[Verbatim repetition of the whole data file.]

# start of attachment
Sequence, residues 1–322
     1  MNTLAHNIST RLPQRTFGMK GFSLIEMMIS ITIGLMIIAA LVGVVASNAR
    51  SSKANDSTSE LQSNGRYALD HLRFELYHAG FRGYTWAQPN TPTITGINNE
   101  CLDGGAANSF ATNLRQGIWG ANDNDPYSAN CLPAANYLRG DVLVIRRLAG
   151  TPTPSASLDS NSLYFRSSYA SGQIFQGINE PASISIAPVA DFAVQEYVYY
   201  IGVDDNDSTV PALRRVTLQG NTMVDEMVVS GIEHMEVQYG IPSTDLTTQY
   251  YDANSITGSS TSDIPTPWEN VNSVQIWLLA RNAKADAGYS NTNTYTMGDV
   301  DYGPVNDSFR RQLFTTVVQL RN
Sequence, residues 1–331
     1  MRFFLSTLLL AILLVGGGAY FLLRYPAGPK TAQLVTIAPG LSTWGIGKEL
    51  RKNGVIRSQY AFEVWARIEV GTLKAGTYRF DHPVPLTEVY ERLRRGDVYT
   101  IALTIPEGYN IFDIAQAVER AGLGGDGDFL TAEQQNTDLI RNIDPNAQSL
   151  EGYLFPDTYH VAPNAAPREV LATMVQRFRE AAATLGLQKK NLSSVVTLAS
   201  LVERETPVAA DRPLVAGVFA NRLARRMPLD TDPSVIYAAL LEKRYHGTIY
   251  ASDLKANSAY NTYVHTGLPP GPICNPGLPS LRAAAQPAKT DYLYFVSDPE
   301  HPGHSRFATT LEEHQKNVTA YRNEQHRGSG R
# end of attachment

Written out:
Sequence, residues 1–322
     1  MNTLAHNIST RLPQRTFGMK GFSLIEMMIS ITIGLMIIAA LVGVVASNAR
    51  SSKANDSTSE LQSNGRYALD HLRFELYHAG FRGYTWAQPN TPTITGINNE
   101  CLDGGAANSF ATNLRQGIWG ANDNDPYSAN CLPAANYLRG DVLVIRRLAG
   151  TPTPSASLDS NSLYFRSSYA SGQIFQGINE PASISIAPVA DFAVQEYVYY
   201  IGVDDNDSTV PALRRVTLQG NTMVDEMVVS GIEHMEVQYG IPSTDLTTQY
   251  YDANSITGSS TSDIPTPWEN VNSVQIWLLA RNAKADAGYS NTNTYTMGDV
   301  DYGPVNDSFR RQLFTTVVQL RN
Sequence, residues 1–331
     1  MRFFLSTLLL AILLVGGGAY FLLRYPAGPK TAQLVTIAPG LSTWGIGKEL
    51  RKNGVIRSQY AFEVWARIEV GTLKAGTYRF DHPVPLTEVY ERLRRGDVYT
   101  IALTIPEGYN IFDIAQAVER AGLGGDGDFL TAEQQNTDLI RNIDPNAQSL
   151  EGYLFPDTYH VAPNAAPREV LATMVQRFRE AAATLGLQKK NLSSVVTLAS
   201  LVERETPVAA DRPLVAGVFA NRLARRMPLD TDPSVIYAAL LEKRYHGTIY
   251  ASDLKANSAY NTYVHTGLPP GPICNPGLPS LRAAAQPAKT DYLYFVSDPE
   301  HPGHSRFATT LEEHQKNVTA YRNEQHRGSG R